Open Access (OA) literature is defined as being online, free of charge, and free from most copyright and licensing restrictions. Most often, the term is used to refer to articles in OA journals or OA repositories. The UCSB Library supports open access publishing as a way for faculty to retain the rights to their work and to distribute their work quickly and globally.
OA Journals (“Gold OA”)
As with many scholarly print journals, many open access journals are peer-reviewed. Peter Suber, a former philosophy professor at Earlham College and a long-time advocate of OA, compares open access to television or radio: production costs are paid up front by those who want to disseminate the content, which is then made available free of charge to those who wish to access it. To cover their expenses, OA journals sometimes receive a subsidy from a university or professional society, or they may charge a publication fee for accepted articles, to be paid by the author or author’s sponsor. The California Digital Library (CDL) and UC Libraries recently launched an OA Fund Pilot Program to help UC scholars with these author fees. To learn more about the fund at UCSB, visit the Library’s Scholarly Communication website or contact Sherri L. Barnes at barnes [at] library [dot] ucsb [dot] edu or (805) 893-8022.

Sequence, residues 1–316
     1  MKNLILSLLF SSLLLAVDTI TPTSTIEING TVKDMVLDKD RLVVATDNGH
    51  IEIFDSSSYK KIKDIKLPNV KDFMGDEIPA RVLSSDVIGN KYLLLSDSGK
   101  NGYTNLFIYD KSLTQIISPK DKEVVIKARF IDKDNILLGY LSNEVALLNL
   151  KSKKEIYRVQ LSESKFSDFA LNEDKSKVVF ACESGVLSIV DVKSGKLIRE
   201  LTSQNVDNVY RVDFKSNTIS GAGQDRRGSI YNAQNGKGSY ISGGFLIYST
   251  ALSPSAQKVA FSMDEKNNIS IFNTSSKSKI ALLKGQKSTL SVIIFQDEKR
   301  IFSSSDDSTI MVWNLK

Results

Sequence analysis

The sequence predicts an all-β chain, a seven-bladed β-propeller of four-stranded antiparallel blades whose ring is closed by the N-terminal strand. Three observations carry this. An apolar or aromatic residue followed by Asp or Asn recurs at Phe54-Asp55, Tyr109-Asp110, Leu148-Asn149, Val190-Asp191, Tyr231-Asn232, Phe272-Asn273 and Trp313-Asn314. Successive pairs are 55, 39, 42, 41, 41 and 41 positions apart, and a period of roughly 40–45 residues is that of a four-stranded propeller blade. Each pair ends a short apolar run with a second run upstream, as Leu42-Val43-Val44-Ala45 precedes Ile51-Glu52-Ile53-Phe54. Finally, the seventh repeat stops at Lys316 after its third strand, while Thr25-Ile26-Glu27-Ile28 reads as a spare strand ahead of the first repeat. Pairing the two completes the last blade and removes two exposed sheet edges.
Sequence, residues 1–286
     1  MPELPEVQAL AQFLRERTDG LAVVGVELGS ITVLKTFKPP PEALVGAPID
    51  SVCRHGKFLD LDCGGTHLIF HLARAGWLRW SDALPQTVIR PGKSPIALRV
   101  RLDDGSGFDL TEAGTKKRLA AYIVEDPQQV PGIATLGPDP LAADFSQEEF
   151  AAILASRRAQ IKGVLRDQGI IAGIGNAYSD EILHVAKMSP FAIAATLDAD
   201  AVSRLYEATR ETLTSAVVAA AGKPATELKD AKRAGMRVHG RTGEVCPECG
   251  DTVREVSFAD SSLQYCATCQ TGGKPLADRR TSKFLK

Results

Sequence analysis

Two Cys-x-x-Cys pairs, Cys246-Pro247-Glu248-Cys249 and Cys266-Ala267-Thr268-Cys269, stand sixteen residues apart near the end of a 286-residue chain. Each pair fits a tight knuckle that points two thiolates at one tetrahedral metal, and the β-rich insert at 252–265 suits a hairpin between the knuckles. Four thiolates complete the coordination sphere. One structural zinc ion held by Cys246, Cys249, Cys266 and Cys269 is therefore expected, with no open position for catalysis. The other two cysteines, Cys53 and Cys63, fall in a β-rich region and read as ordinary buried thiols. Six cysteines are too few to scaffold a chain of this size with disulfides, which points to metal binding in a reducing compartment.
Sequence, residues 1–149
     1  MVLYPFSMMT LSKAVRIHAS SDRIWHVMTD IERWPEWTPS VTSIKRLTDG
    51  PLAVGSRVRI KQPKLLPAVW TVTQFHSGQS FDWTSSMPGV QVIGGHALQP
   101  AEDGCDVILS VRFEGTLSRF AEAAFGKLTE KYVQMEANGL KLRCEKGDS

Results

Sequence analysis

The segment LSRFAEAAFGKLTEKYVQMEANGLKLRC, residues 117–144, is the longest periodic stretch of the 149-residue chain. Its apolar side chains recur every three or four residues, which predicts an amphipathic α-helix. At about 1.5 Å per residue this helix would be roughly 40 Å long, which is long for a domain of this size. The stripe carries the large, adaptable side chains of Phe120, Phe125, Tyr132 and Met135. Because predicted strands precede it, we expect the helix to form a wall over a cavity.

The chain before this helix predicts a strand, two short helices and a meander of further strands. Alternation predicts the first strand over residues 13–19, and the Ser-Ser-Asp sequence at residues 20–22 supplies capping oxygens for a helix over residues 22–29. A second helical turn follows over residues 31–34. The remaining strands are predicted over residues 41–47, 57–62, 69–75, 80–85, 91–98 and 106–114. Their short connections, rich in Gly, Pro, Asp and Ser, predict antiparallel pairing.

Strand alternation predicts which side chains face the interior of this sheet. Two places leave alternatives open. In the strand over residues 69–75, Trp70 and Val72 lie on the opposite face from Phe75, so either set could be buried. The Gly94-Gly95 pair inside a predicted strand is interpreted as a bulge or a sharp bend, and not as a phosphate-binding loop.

OA Repositories (“Green OA”)
Traditionally, when authors sign publication agreements, they have been required to transfer their copyright and future rights to the publisher. This has resulted in a system whereby universities themselves are compelled to pay – sometimes at exorbitant subscription prices – to view and distribute published work by their own scholars.
OA repositories generally host articles that have been peer-reviewed elsewhere. A repository may include preprints (an article before its final, edited, published version) or postprints of journal articles, dissertations, and data files. The University of California’s eScholarship program, hosted by CDL, is an example of an institutional repository. Many disciplines have also created their own OA repositories, such as arXiv, PubMed, and the Social Science Research Network.
Because most publishers and journals now give blanket permission for self-archiving in repositories, the burden is on authors to take advantage of this opportunity. This means that authors may publish in nearly any journal that will accept their work (OA or traditional) and still provide a version of the peer-reviewed text to the public through an OA repository.
Surprisingly, the compatibility of green OA (self archiving) with publishing in traditional journals is still one of the best kept secrets of scholarly publishing. The UCSB Library hopes to change that.